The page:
The Problem with CPG Innovation

As consumers, we don’t often consider what it takes for our favorite products to become part of our life. Consumer packaged goods (CPG) includes products consumers regularly use and replace – including things like groceries, clothing, and household products. But the journey to becoming a successful product on shelves can be a long, arduous one. Beyond making it past the company gates, a new product has to land with consumers to cement its place in the market.

The key to success? Truly innovative products that put consumer needs at the center.

Innovative products solve a problem, make something better, or simply excite the customer. A truly innovative product will seamlessly fulfill consumer needs, fit into their day, and keep them coming back for more. But that is no easy task for many CPG companies.  


Why is it difficult for CPG companies to innovate?

Many would assume CPG companies are some of the best innovators given their large marketing and R&D budgets along with their extensive industry experience.

However, depending on the size of the company, there are many barriers to creating innovative products. First, CPG companies are risk adverse. They usually have a large portfolio of products to consider when adding to a line, and it’s very expensive to dive into something new. 

Companies want to see how a trend maintains before jumping in. Some companies don’t even consider following a new trend until an innovative competitor starts to hurt their business. By then, it could be too late for them to enter and make a big splash


The second barrier to innovation is CPG companies are not very agile.  When the company feels safe to start innovating, the project can move through R&D, marketing, corporate strategy, sales, and possibly even international teams before coming to fruition as a product. Despite this massive collaborative effort, getting an innovative product to shelves can take 18 months or more.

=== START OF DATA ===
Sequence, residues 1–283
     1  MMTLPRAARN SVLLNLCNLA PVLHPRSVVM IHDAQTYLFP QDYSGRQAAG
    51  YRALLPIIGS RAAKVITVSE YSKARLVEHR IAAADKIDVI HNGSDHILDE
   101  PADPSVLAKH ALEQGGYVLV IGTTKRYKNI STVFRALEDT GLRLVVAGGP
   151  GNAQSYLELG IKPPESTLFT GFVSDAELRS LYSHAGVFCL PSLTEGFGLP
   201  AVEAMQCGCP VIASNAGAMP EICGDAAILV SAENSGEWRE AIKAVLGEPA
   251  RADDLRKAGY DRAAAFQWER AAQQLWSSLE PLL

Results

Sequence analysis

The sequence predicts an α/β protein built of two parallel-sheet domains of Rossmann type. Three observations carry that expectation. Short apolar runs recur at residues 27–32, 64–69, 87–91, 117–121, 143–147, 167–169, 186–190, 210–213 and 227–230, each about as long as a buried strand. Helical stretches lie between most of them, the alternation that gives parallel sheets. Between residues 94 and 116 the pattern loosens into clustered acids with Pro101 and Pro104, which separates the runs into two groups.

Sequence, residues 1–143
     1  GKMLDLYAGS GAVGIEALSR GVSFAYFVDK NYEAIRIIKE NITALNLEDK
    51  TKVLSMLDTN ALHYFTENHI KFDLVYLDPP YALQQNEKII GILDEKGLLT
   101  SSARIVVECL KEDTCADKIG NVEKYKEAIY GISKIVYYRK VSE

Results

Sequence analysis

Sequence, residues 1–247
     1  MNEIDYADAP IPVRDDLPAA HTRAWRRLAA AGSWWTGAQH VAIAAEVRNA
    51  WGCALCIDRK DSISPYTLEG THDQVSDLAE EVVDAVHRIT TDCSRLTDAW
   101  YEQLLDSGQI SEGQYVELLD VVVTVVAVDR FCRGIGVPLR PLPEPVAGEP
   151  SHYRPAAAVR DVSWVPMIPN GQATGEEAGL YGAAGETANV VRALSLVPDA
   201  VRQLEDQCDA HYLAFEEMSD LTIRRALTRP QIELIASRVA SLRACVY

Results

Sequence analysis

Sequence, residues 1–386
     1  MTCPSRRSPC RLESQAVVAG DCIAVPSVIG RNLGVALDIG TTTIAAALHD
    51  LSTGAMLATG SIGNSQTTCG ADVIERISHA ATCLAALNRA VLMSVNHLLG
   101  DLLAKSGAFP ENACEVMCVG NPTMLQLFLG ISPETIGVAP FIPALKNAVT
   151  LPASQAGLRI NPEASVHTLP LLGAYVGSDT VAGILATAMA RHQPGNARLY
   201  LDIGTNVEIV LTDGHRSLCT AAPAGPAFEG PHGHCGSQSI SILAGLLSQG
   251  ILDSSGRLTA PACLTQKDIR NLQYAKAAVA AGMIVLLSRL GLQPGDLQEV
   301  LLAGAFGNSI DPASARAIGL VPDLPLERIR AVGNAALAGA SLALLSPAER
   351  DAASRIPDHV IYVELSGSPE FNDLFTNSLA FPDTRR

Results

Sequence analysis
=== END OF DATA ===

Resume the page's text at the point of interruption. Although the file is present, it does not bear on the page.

A year and a half after the peak of a trend, consumers have already given their loyalty to the original innovators, or the trend has passed. That’s why we see so many CPG companies innovate through acquisition. When the window of time has closed, large CPG companies can try to purchase those small, innovative brands to add to their portfolio.


It’s unrealistic for CPG companies to simply acquire any and all small innovators that chip away at market share. So what can these companies do to keep launching innovative products that consumers love?


How to Successfully Innovate in CPG

The equation is clear. Risk aversion + extended timelines = out of touch products. So how do we solve for innovative products consumers love?

With rich, forward-looking data.

Innovations fail when they’re not backed by the right insights. What is flying off shelves today will not be as relevant in 18 months. We know CPG product development timelines will stay the same, so the insights that back these innovation decisions need to be focused on the future. With data that identifies the trends before they take off, CPG companies have the assurance to launch the next big thing. Though any new product carries risk, having the data to back forward-looking decisions allows CPG companies to innovate confidently.



Innovation Case Study: Quakers’ Oat Beverage

However, knowing a trend is going to happen doesn’t guarantee a product will succeed. For example,  PepsiCo’s Quaker Oats experienced lackluster innovation in the oat milk space. In November 2019, Food Navigator reported PepsiCo was discontinuing their oat beverage after less than a year on shelves.


Ultimately, it came down to understanding what early-adopters to oat milk were looking for. Quaker put their time and effort into creating a healthy formulation that was lower in sugar and higher in fiber than its competitors. Unfortunately, consumers weren’t looking for a healthy option; they were looking for taste. The “heart-healthy” angle did not land with early-adopters, and Quaker had lost the oak milk game. 


It is surprising the 143-year old oats brand could not compete. Grocery stores around the country were stocking oat milk by summer 2020 and it was becoming commonplace in big coffee chains. However, brands like Oatly, Silk, and Califia Farms were in-market for a number of years before. 

For the small, agile brands, these products propelled them into the mainstream. For large brands like Silk, owned by multinational food company Danone, they relied on existing brand equity to seamlessly introduce their extension to consumers.